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September is Ovarian Cancer Awareness Month

Coliseum Health System August 31, 2016

Merle Norman Cosmetics will partner with the Coliseum Cancer Institute to increase awareness of ovarian cancer in middle Georgia. September is Ovarian Cancer Awareness Month and Merle Norman will host activities throughout the month.

The Ovarian Cancer Awareness Kick Off Media Event will be held at Merle Norman Cosmetics on Thursday, September 1 at 9:30 a.m. Owner, Linda Brambila, will share her family's touching journey with ovarian cancer. Linda will also shave her head as she remembers her mother and her sister, who both lost their battle with ovarian cancer. Media is invited to this event as Linda displays her level of dedication to spreading awareness! A cancer nurse navigator will also be on hand to share information about the disease.

Each Wednesday in September, a nurse from Coliseum Cancer Institute will be at Merle Norman to share information about early detection of ovarian cancer and risks of developing the disease. Times will be as follows: September 7 and 21 from 11:30 to 2:00 p.m. & September 14 and 28 from 3:30 and 6:00 p.m.

Throughout the month of September, Merle Norman will offer free facials for Ovarian Cancer Survivors. Appointments are required and space is limited.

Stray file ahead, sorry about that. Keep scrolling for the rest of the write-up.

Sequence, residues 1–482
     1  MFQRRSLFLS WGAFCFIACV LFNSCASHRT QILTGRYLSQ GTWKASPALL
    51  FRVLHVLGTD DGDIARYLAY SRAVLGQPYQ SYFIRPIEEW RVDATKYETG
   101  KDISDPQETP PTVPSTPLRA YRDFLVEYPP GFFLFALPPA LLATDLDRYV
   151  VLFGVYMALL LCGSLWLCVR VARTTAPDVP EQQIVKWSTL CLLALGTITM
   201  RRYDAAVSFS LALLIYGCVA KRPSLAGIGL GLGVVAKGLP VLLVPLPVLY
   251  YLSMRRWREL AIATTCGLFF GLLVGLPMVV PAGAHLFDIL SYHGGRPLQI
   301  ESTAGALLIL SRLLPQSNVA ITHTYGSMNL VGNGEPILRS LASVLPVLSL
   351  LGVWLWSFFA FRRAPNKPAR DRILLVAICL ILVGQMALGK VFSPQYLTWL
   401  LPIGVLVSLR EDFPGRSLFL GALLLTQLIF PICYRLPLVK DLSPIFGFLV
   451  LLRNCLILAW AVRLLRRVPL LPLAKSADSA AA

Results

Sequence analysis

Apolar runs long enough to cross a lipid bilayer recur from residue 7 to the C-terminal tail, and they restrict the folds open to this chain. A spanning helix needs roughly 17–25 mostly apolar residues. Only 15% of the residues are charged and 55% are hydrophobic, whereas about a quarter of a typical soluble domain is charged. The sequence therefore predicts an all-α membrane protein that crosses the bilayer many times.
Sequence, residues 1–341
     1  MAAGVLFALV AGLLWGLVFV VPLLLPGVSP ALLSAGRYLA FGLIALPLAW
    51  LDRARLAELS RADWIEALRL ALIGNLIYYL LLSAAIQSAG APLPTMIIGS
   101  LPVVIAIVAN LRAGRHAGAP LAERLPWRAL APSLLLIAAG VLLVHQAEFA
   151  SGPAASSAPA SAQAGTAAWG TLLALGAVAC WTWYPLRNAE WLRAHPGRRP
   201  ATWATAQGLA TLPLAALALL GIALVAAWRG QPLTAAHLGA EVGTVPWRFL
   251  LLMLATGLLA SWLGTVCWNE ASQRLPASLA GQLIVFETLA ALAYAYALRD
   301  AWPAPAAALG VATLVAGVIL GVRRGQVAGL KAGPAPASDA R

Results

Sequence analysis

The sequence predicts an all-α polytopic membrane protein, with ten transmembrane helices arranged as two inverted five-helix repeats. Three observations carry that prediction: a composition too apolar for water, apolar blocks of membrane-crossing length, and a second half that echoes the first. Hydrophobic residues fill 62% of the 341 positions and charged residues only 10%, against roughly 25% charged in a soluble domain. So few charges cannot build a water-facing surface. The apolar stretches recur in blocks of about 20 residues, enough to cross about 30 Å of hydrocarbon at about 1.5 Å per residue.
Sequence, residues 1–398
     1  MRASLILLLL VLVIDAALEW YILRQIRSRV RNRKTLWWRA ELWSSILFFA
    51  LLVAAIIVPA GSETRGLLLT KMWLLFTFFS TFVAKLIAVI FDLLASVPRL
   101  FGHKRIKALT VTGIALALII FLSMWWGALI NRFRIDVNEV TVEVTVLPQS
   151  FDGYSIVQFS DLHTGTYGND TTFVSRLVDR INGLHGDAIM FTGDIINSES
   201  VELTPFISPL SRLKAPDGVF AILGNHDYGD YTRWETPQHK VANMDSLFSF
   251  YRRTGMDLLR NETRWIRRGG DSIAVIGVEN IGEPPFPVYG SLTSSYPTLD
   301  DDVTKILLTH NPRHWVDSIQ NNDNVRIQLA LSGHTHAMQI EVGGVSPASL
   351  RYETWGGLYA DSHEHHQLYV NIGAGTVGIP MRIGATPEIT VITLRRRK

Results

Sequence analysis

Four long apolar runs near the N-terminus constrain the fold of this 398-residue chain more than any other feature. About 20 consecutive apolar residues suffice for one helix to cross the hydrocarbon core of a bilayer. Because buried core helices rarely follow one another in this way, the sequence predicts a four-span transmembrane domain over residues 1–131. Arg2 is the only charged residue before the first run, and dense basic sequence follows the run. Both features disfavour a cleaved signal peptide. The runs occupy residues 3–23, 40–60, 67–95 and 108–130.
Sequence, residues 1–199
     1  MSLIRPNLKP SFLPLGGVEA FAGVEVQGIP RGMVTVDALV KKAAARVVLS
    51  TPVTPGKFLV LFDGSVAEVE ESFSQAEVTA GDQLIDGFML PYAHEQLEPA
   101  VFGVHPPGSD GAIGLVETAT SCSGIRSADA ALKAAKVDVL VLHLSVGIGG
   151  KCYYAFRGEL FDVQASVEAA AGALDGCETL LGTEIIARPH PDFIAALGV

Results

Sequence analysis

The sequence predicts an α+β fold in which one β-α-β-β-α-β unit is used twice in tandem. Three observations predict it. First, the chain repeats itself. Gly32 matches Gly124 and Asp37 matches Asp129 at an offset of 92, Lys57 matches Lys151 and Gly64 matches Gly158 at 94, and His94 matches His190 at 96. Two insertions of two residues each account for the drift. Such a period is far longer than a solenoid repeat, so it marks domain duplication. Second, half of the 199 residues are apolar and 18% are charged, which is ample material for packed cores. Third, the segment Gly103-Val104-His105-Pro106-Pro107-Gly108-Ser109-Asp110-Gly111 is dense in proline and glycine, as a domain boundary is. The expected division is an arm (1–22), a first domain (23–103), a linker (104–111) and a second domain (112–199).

All events will take place at Merle Norman Cosmetics, located at 5437 Bowman Road, Suite 122 of the Lofts at Bass, in Macon. For more information, or to make an appointment for a facial, call (478) 475-0704.

Ovarian cancer is often referred to as the cancer that hides. The symptoms of ovarian cancer - digestive issues, excessive fatigue, excessive bleeding, changes in bowel and bladder problems, and pain during intercourse - often mask themselves as other health issues, leading to a misinterpretation of what may be the true problem. By the time ovarian cancer is often discovered, it has already spread beyond the ovaries, making it the deadliest gynecologic cancer. Early recognition of the symptoms of ovarian cancer is the best way to save women's lives. If caught early, ovarian cancer is highly treatable.

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